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Original Essays | September 30, 2014

Benjamin Parzybok: IMG A Brief History of Video Games Played by Mayors, Presidents, and Emperors



Brandon Bartlett, the fictional mayor of Portland in my novel Sherwood Nation, is addicted to playing video games. In a city he's all but lost... Continue »

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Volt

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Volt Cover

ISBN13: 9781555975777
ISBN10: 1555975771
Condition: Standard
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Average customer rating based on 4 comments:

Debbi, August 4, 2012 (view all comments by Debbi)
Best collection of short stories (loosely tied together) I've read! Alan Heathcock has mad skills as a writer and he is a nice guy too. Personal appearance at our book club sealed the deal. The depth of emotion and the character development is unsurpassed. Light and full of giggles, not so much; make me think long and hard, absolutely. Volt is a book to talk about over and over again.
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PittsburghWriter, January 20, 2012 (view all comments by PittsburghWriter)
This is the most amazing short fiction collection that I've held in my hands since I picked up my fist Flannery O'Connor. I found myself rereading sentences to see how Heathcock got the language so exactly right, every single time. It's dark, it's brooding, it's occasionally horrifying in its unexpected acts of brutality, but underneath it all, the characters have a nobility and honesty that I haven't seen in fiction in years. If you're not reading this, you're truly missing one of the greats.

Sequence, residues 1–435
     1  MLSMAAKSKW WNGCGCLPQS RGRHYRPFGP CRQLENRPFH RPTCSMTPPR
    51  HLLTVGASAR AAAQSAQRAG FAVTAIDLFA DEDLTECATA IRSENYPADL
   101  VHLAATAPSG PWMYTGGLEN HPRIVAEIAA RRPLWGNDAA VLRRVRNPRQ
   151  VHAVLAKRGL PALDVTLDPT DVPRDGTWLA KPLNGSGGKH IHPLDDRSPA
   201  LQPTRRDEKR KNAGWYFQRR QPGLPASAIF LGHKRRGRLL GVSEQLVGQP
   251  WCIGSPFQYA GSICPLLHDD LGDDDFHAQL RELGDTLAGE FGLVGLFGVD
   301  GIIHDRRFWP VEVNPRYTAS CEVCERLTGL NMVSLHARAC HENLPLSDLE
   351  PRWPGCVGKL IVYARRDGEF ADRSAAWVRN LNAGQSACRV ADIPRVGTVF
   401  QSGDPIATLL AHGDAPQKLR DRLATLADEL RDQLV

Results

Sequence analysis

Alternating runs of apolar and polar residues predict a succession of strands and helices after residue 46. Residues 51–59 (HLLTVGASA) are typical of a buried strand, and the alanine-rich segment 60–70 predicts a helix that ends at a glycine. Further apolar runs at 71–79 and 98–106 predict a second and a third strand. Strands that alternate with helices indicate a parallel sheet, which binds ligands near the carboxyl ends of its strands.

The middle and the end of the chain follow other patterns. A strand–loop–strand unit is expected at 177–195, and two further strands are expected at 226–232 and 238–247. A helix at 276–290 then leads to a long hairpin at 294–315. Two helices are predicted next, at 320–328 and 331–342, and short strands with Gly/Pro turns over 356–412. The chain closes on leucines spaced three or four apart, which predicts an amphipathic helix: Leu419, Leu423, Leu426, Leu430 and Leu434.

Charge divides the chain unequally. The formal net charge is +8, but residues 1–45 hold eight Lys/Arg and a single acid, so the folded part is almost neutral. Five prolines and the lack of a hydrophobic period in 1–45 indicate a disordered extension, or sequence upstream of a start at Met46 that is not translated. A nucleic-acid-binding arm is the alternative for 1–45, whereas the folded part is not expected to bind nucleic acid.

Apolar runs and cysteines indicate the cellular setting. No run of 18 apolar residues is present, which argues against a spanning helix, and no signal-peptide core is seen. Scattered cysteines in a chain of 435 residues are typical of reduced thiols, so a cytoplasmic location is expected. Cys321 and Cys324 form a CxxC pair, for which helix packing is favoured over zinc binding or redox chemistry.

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Gregree, January 19, 2012 (view all comments by Gregree)
Excellent collection of stories. Haunting and lyrical. Easily my favorite book of 2011.
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MJ_Paulson, April 18, 2011 (view all comments by MJ_Paulson)
Alan Heathcock's debut is a collection of eight short stories set in and around a small fictional town called Krafton. From the first story, The Staying Freight, to the last, Volt, Heathcock is a master at developing multi-layered characters within a handful of pages. One of the stories, Furlough, is barely eleven pages, and yet the character of Jorgen is marvelously complex and conflicted. The result is a haunting story that builds with each step the characters take into the dark night, into the dark fields, and it is one that will stay with me for a long time. Other characters in the longer works are equally complex, such as Sheriff Helen Farraley who appears in Peacekeeper, The Daughter, and Volt. And Krafton, central to all of these stories, a town that could be any small town in the United States, is not merely a backdrop. The town is as much a character as the people who live within it.